Software programmes such as Red Flag Alert give you the capability to monitor your suppliers and customers, both existing and potential, and be notified of any changes to their organisational structure or financial position as and when they happen. This information can be extremely useful in helping you mitigate the risks caused by suppliers going bust or falling into insolvency. Once you are aware a supplier is in difficulty you can take the necessary steps to protect yourself and your business by limiting your financial exposure to this company and sourcing an alternative supplier going forwards.
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Other warning signs include:
Avoiding your communications, or acting more guarded when you contact them
Company accounts have been filed late or not at all
Directors or other high-level members of staff are resigning
If you fear your supplier is experiencing financial difficulties, you need to take action as a matter of urgency. If you have already paid for goods and your supplier subsequently goes into liquidation, you should be prepared for the possibility that you may never receive these goods or services you have paid for. If this happens, you need to take stock of what that means for the viability of your own company. Ideally you will be in a position where you can move on from any money lost to an insolvent supplier and continue trading, however, depending on the level of financial exposure you had to this company, their liquidation may put your own business at risk.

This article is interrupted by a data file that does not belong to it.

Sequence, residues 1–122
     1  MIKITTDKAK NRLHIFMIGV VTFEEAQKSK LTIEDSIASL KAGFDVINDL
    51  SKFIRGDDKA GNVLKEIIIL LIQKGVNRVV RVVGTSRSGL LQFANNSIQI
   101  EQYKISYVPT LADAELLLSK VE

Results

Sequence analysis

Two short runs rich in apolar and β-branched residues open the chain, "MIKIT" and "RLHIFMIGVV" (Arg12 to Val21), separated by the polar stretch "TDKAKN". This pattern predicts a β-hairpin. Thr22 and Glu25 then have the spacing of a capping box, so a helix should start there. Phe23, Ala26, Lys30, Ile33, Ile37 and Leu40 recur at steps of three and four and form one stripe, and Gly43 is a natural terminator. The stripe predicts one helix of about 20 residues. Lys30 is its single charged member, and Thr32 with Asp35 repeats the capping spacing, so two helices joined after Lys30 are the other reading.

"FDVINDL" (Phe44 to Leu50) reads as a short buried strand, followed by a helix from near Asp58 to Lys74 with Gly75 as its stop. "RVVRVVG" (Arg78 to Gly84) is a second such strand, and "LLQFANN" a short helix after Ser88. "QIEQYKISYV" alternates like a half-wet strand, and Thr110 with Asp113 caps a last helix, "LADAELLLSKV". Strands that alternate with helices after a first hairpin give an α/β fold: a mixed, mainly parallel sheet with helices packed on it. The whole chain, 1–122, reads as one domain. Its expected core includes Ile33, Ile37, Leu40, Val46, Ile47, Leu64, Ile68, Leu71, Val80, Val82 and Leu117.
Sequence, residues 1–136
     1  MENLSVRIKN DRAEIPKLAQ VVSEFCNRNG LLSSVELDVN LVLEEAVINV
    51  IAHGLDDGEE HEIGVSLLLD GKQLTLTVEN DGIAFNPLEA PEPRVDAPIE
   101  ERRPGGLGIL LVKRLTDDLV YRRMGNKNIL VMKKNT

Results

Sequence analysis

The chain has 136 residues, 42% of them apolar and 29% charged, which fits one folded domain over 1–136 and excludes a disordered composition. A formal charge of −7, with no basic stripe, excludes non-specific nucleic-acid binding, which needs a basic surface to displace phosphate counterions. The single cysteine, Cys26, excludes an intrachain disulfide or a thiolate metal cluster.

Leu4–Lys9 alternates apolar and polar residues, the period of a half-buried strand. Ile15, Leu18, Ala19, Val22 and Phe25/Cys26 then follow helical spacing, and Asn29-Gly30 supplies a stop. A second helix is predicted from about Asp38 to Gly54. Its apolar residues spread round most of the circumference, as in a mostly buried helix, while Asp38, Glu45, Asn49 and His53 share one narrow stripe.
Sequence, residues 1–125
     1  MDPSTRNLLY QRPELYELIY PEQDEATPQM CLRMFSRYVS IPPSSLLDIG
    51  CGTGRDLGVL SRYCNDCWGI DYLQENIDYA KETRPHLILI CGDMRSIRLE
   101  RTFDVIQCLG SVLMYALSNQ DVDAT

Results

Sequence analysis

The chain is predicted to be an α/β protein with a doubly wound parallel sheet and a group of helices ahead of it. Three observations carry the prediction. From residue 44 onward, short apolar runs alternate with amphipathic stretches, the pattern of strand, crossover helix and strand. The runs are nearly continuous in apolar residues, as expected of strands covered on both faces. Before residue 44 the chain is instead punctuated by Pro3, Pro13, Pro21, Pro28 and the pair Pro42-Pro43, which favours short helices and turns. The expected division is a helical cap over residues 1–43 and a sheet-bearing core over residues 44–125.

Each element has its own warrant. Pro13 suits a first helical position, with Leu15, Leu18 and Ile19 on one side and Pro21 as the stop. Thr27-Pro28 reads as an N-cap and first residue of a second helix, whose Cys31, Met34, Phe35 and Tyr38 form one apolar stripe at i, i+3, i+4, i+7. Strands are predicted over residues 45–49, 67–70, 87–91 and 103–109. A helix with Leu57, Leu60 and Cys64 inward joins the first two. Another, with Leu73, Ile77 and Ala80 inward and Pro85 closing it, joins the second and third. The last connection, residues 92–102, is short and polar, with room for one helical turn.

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If your company is struggling with unmanageable debts, squeezed cash flow, or an uncertain future, you are far from alone. We speak to company directors just like you every single day, and we are here to give you the help and advice you need. Call our team today on 0800 644 6080
Dealing with credit risk
Offering credit to your customers comes with an inherent risk which cannot be fully protected against; however, this risk can be mitigated with a strong credit management policy. Performing credit checks on your customers, not only at the beginning of your business relationship, but at regular intervals during, help to keep abreast of any noticeable decline.
Other useful policies when dealing with credit risk include presenting clear terms of trade in all of your contracts. In this regard, terms and conditions might include:
Your right to charge interest on overdue payments
The fact that ownership of goods only transfers to the customer once final payment has been received
The obligation for customers to contact you immediately with any invoice queries or problems, rather than waiting until the payment is due
Still unsure whether liquidation is right for your company? Don't worry, the experts at Real Business Rescue are here to help. Our licensed insolvency practitioners will take the time to understand the problems your company is facing before recommending the best course of action going forward based on your own unique circumstances.